Sprinklers praised after fire at Southwark MRF

Fire crews have urged businesses to consider the use of sprinkler systems to prevent major fires, after a small blaze was extinguished at Veolia’s MRF in Southwark last week.

Four fire engines and around 25 firefighters were called to the site on 17 June.

Aerial view of Veolia’s facility at Southwark, London

The fire is believed to have been caused by ignition of a lithium battery contained within mixed recyclable waste at the Integrated Waste Management Facility (IMWF) on Devon Street, in the Old Kent Road area of South London.

The sprinkler system at the site came into operation during the incident and helped to limit the damage caused, according to the London Fire Brigade, which has urged other businesses to install sprinkler systems to prevent future fires from escalating. The Brigade was called at 8.40pm and the fire was under control by 10.41pm, it said. The site was running again from around 3.00 am the following day.

Sprinklers

A London Fire Brigade Spokesperson said: “This incident highlights the clear benefits of sprinklers to businesses and we would urge all companies and business owners to install them.

“As well as limiting fire damage and being potentially life-saving devices, sprinklers and other fire suppression systems help with business continuity by minimising disruption and allowing businesses to get back to normal as soon as possible.”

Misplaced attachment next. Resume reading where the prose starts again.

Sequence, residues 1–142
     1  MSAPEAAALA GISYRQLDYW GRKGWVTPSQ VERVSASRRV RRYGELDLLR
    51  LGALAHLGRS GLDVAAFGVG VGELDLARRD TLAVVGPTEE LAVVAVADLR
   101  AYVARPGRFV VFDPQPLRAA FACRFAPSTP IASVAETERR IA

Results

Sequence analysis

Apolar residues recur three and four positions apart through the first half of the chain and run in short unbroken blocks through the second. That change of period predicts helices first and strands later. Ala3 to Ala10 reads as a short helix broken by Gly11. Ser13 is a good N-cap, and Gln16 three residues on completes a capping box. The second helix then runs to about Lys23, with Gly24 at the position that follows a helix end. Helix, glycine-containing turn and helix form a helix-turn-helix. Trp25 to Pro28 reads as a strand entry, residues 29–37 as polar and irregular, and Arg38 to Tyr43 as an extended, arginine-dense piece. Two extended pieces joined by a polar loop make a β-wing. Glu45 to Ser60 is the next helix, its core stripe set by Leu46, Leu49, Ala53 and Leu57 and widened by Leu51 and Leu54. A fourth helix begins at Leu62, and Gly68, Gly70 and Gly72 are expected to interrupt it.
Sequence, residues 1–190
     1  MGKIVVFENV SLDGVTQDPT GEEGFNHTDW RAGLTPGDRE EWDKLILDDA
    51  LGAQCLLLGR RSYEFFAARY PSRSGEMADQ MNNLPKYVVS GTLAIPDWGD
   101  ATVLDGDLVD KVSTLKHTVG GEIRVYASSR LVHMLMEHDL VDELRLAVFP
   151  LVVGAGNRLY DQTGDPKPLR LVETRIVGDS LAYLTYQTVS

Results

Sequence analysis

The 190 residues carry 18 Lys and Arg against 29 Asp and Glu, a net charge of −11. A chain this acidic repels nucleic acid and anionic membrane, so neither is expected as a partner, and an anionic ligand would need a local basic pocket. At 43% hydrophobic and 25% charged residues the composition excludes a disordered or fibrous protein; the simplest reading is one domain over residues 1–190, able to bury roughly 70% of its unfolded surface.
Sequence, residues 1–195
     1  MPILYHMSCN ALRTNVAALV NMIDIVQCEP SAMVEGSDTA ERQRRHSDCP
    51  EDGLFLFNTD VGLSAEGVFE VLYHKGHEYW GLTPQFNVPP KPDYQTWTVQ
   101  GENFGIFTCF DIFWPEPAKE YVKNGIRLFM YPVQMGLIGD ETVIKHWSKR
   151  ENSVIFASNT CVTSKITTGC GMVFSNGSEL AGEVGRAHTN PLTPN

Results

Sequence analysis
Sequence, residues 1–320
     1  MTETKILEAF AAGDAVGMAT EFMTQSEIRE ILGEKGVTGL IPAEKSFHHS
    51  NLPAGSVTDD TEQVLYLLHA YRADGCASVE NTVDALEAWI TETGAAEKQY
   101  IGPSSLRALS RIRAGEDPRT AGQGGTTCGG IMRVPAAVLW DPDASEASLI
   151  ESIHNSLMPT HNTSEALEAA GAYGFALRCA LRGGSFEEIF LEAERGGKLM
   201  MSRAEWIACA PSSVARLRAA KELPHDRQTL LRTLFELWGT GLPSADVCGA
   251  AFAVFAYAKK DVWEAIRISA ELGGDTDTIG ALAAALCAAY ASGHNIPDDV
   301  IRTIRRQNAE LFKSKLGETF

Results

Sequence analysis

No injuries were reported following the fire. 500kg of loose recyclable materials were partially damaged.

Following on from the incident, Veolia has sought to remind householders not to present lithium ion batteries with dry recyclable waste, due to the risk these items pose in causing fires.

Batteries

Julie Angulo, general manager for Veolia Southwark, said: “Safety on site is our number one priority and all our teams receive extensive training.

“I would like to praise the quick action of our staff and take this opportunity to remind residents in Southwark to safely dispose of their waste.”

“No batteries should ever be disposed of in household bins, instead they can be brought to the Household Reuse and Recycling Centre for safe disposal.”

The IMWF facility includes materials recovery and mechanical biological treatment facilities, as well as a public reuse and recycling centre and an education and visitor centre. The fire took place within the materials recovery facility.

The site – which went into operation in January 2012 – is part of a 25-year waste management contract that Veolia holds with Southwark Council.

Sprinklers praised after fire at Southwark MRF

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